Bingo! Premier Li Keqiang Punctures The Excess Savings Myth

For two decades now mainstream Keynesian economists have been gumming about China’s remarkable economic boom and its accumulation of unprecedented foreign exchange reserves. The latter hoard has now actually crossed the $4 trillion mark.

But this whole narrative is PhD jabberwocky with a Wall Street accent. What the People’s Printing Press of China has been doing is simply passing the hot potato by converting the vast inflow of dollars, euros and yen emitted by DM central banks into a fantastic flood of RMB. This massive expansion of the domestic monetary system, in turn, enabled the greatest credit bubble in world history.

Stated differently, China’s total credit market debt outstanding did not explode from $1 trillion to $25 trillion in just the last 14 years because the sons and daughters of rice farmers working in export factories went on a savings binge, thereby enabling a healthy expansion of debt-financed investment.

To the contrary, the central banks of the world went on a money printing binge and the comrades in Beijing took the bait. Namely, they chronically and massively scooped up excess foreign exchange from trade and capital inflows and stuffed it into the vaults at the central bank. This was supposed to keep the exchange rate battened down and the growth and export miracle ramping.

In age old fashion this mercantilist gambit seemed to work for a while—indeed, a long while of nearly two decades. But all the time the aging autocrats who ran the system, and who had learned their economics from Mao’s Little Red Book, were  actually swapping the labor of their young people and resources of their land for debt emissions of the profligate West. And in the process they were steadily inflating a fantastic credit bubble that financed the construction of anything that could be imagined by local party cadres and “businessmen” alike—-airports, bridges, highways, high-rises, office towers, train stations, fast rail, shopping malls, new cities, endless factories.

But the massive construction site within China’s borders defied the laws of economics and plain old rationality.  It is literally impossible for an economy to record double-digit GDP growth year-upon-year in which 50% of the gain is due to “fixed asset” investment in public infrastructure and private real estate and industrial capacity. The reason is that no society could sustain the level of consumption forbearance and mass austerity that would be required to fund such massive investment out of honest savings.

Instead, the party overlords got lured into a dangerous economic Ponzi. They sent more and more freshly minted credit—-20-35% more in some years—down the state controlled banking system where it was parceled out to state controlled enterprises, local party rulers and independent entrepreneurs.

These recipients turned it into cement, rebar, fabrications, office towers, coal mines, power plants and port facilities—-without regard for sustainable rates of return. And when returns disappointed or failed to materialize at all—such as in the empty new cities, malls and luxury apartment buildings— more credit was advanced to keep these “investments” solvent. That is, new debt was issued to pay interest on the old.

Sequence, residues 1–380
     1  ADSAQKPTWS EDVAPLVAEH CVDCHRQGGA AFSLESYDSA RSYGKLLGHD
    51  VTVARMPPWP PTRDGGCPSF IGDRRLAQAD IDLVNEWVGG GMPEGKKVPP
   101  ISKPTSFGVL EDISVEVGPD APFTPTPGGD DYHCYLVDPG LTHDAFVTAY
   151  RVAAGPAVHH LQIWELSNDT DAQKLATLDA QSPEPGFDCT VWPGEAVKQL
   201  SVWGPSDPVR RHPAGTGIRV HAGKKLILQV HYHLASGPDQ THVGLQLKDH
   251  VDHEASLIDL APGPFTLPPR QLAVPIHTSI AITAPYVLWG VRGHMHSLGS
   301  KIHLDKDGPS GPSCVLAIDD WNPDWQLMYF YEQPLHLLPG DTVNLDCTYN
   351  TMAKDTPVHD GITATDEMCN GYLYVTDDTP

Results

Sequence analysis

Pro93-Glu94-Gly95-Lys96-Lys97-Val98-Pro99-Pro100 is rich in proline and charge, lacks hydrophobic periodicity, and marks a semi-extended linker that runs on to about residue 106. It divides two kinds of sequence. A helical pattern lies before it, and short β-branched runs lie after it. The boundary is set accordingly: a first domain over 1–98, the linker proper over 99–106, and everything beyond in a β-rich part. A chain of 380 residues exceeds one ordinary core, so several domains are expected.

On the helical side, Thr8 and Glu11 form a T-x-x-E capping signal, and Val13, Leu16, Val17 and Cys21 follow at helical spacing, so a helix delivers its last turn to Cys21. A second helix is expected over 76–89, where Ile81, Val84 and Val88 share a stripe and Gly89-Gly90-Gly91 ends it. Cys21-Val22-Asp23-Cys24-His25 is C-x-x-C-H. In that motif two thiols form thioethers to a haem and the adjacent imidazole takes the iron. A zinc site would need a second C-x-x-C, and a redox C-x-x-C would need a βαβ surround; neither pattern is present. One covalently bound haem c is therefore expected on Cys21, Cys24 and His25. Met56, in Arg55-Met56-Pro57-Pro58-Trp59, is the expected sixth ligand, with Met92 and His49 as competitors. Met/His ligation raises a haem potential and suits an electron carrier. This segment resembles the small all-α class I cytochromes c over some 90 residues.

So parallel to the downward cascade of credit was an equal and opposite upward back haul of fixed asset GDP.  In short, Beijing could hit its national GDP target nearly to the decimal point year after year because its was printing GDP through the machinery of a credit driven command-and-control economy, not presiding over anything that resembles a sustainable capitalist economy.

In a sense, after the disastrous failure of Maoism, the party dictatorship has maintained its lease on life only be synching-up with the global central banking swindle that has been underway for four decades now—but especially since 1994 when Greenspan panicked after that year’s bond market route.

The giant issue facing China, however, is that it is at the end of the money-printing chorus line. It has now absorbed so much excess debt from the West and thereby inflated its credit Ponzi to such an insensible extent, that even its current rulers can see the hand-writing  on the wall.

In a recent speech, in fact, Premier Li let the cat out of the bag, calling China’s massive hoard of foreign exchange for what it is—-a vendor loan to foreign customers who buy but do not sell; who consume but do not produce. Suddenly, what has been ballyhooed for two decades as evidence of the Chinese miracle is officially labeled a “big burden”.

Actually, it has been a burden all along. The comrades have presided over the erection of a Ponzi of such immense and convoluted magnitude that they have no hope of unwinding it without a thunderous “hard landing”

 May 11 – Reuters: “China’s war chest of foreign currency reserves has become a headache as its continued rise could stoke inflation in the long term, Premier Li Keqiang said… pledging to reduce the country’s trade surplus. China’s foreign exchange reserves, the world’s largest, grew by $130 billion in the first quarter, to a record $3.95 trillion… ‘Frankly speaking, foreign exchange reserves have become a big burden for us, because such reserves translate into the base money, which could affect inflation,’ Phoenix New Media Ltd quoted Li as saying… ‘From China’s perspective, macroeconomic controls could face tremendous pressures if the overall trade is imbalanced.’ China will take steps to reduce its trade surpluses with the rest of the world…”